Message #227:
From: AzTeC SW Archaeology SIG
To:   "'Matthias Giessler'" 
Subject: Shrinking Marginal Returns
Date: Sat, 14 Jun 1997 11:15:52 -0700 


See: Message 223


From: 

I plan to forward Ms. Dean's SASIG letter to several "collectors" 
who frequent the forum.  I doubt, however, that they will react 
in a positive manner. 

Deb Dosh

Deb --

Ms. Dean knows the original did not originate with you. Please publish
her comments back to the forum.  It does not matter that the forum
members react in a positive or negative manner -- it is a forum.  My
comments (original with me) to be appended to Ms Dean's comments and
published to the forum are as follows:


Artifact collectors can protest the law as much as the desire. Their
protestations are unimportant.

To be caught in acts of vandalism or looting is a tough situation.  It
really is an inconvenience to be called to appear before a judge or
jury, and, the outcomes are never certain.  But, our system of justice
is meant to be temporarily inconvenient to alleged perpetrators. 
Persons are brought to court to answer improprieties, and answering such
charges is always personally inconvenient.

I have caught and sent to the courts several vandals and collectors only
to see them go free because they could make compelling arguments for
mitigating circumstances, plea stupidity or ignorance of the law, and so
forth. In my experience, most hobbyists can convince a judge or a jury
of their peers for leniency or dismissal the first or second time around
the system.

While it remains highly inconvenient to be put through the legal ringer,
no one should have a problem with inconveniencing vandals and collectors
to make them stand charges when they are caught doing wrong.  It is the
job of the prosecutor to convince the judge and jury to determine guilt
and assess punishment. 

Some vandals I have helped to convict, go to jail or pay fines and get
supervised probation.  Not wishing to sterotype everyone, with this next
comment, I simply will note that many of these *actual* cases had
problems (alcohol, drugs, etc) well beside my interference in their
looting activities.  They were convicted before the jury, because they
had no compelling or justifiable explanation for their alleged behavior
and acts. 

Commercial vandalism and illicit collecting helps these vandals feed
their substance-abuse habits, or, provides them with money enough to
remain blissfully marginally employed, a situation where he or she does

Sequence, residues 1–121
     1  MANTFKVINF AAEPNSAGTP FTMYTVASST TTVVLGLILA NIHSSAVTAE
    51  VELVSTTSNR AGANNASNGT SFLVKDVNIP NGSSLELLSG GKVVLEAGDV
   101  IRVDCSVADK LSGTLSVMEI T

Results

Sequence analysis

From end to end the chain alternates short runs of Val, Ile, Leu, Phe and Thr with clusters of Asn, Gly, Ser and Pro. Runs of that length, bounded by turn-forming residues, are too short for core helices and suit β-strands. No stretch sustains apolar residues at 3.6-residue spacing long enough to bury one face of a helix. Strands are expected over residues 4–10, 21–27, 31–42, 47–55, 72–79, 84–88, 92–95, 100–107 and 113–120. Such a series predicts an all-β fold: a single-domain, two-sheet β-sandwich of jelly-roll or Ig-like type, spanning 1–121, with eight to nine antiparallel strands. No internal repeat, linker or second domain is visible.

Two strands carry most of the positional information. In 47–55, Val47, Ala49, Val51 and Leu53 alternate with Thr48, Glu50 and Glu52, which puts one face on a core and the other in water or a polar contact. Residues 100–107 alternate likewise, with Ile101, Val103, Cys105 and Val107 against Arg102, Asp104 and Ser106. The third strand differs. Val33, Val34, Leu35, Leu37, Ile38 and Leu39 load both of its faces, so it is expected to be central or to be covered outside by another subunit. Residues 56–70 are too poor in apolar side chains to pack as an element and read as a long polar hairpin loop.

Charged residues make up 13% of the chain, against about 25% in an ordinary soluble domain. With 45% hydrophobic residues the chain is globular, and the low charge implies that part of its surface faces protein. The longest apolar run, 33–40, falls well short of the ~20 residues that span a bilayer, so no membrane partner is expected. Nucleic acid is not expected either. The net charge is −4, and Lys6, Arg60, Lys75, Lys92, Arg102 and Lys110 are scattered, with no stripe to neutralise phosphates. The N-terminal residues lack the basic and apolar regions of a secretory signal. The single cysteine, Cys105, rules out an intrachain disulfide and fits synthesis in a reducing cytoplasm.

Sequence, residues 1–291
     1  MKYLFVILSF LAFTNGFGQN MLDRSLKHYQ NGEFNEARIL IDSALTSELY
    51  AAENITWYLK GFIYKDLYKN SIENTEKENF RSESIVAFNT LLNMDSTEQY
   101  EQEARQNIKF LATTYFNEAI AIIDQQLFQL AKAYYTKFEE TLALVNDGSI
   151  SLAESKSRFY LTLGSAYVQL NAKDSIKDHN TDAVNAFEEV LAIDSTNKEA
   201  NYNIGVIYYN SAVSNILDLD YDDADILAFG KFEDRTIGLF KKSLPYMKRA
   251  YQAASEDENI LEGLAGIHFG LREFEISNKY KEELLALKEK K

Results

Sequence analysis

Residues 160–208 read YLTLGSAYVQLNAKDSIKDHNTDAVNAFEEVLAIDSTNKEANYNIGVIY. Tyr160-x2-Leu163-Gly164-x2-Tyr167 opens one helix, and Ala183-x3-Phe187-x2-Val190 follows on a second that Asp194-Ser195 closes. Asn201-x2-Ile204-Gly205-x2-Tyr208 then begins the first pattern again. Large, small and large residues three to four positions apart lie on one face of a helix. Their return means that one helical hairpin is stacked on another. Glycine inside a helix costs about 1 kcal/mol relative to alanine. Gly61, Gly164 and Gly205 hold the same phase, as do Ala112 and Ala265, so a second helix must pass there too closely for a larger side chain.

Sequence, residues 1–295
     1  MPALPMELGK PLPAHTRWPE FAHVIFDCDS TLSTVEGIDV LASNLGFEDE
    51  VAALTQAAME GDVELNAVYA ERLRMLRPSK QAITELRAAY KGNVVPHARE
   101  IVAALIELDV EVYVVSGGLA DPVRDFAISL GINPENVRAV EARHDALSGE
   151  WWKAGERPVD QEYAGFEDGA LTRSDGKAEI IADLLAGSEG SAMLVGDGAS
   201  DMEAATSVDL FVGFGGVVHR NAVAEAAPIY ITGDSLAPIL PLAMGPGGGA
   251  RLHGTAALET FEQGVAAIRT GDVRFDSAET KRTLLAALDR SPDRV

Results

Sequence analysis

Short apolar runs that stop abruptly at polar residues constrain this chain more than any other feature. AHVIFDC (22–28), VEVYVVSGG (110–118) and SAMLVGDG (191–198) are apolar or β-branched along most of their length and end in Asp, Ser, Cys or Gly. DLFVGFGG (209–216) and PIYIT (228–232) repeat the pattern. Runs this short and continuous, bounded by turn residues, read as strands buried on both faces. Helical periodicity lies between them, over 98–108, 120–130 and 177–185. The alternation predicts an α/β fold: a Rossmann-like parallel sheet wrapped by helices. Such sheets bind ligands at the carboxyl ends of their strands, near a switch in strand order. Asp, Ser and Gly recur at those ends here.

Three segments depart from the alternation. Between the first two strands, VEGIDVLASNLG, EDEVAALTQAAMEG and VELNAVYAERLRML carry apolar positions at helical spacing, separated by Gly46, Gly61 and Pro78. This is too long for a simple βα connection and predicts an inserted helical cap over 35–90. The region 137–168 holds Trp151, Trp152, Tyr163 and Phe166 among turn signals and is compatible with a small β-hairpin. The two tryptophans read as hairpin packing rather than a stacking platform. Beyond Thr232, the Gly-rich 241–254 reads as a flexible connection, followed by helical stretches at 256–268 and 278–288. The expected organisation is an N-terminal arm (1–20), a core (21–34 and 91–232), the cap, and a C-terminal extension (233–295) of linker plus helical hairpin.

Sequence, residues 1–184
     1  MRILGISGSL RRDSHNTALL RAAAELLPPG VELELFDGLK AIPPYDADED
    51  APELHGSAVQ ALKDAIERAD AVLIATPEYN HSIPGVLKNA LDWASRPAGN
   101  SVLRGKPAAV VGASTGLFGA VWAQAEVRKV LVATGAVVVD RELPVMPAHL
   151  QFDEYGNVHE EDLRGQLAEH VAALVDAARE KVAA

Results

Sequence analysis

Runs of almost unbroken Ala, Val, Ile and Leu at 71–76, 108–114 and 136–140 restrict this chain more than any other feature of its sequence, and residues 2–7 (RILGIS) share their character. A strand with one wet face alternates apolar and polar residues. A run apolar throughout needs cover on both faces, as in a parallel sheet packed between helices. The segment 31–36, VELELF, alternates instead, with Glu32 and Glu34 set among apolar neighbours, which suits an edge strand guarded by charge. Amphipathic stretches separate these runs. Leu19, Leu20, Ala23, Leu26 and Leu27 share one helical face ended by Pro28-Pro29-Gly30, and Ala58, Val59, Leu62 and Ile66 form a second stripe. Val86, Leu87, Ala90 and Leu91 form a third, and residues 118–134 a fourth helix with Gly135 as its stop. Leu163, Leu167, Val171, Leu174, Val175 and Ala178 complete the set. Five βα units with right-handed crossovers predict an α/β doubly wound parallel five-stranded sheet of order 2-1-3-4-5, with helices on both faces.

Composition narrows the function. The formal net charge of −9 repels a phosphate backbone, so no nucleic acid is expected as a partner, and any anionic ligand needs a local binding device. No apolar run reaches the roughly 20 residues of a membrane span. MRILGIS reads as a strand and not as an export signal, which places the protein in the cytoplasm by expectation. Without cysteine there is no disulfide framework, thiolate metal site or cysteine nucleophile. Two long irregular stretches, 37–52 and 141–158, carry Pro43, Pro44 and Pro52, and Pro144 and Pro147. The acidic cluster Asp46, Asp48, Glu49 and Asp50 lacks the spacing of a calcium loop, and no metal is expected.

not answer to a time clock or a boss, and where he or she can live a
life wild and unregulated with little personal responsibility toward
others.

It is a lifestyle issue to choose to be barbarian and a vandal.

Barbarians get convicted regularly. Gentlemen collectors who can talk
fast might go free.  Middlemen conspirators who fuel site vandalism with
easy money are seemingly never brought to answer for their conspiracy in
such matters.  I would like to see convicted more than a few of the
middlemen.

If vandals and collectors believe the anti-vandalism laws are unjust or
unnecesary, they should today contact their representatives and express
their opinions that such laws be overturned.

To my knowledge, I know of no archaeologist who has ever been elected to
a state of federal legislative body.  Archaeologists tend to have little
direct personal financial or political influence, but, they can argue
persuasively for improved historic preservation.

The laws against vandalism exist because the preservation community and
legislators were convinced that the arguments for continued preservation
outweighed any economic or social argument brought by the greed and lust
of individuals hoping to be free of societal constraint.

America has a long tradition of historic preservation.  As this country
matures and develops, the need for preservation will increase and
sanctions against boorish behavior will stand.

The answer for people interested in the past is not to act the lone
ranger and seek to possess and covet.  The answer is to work within
established communities of law-abiding citizen who wouldnt think to
cheat by looting, or, by creating false provenience documentation to
'legalize' for sale illicit artifacts.  

The answer is to work with groups that seek consultation with others and
outside review prior to acting.  Sites should be preserved for the
potential they hold.  Where sites cannot be preserved, the answer is to
create community participation leading to greater scientific and
historical information.  Appropriate documentation is the key.

In this information age, information is more highly valued than mere
objects.  That's why collectors are forever asking archaeologists to
examine their collections.  They need information with the artifact more
than they need the artifact standing alone.

Since information is the highest value of this society, collectors
should consider changing their focus from things.

The maginal values to be derived from things will shrink over time and
the collector will expend more effort for less of a return.

A conviction or jail sentence is not even a marginal return, but a
negative return on investment.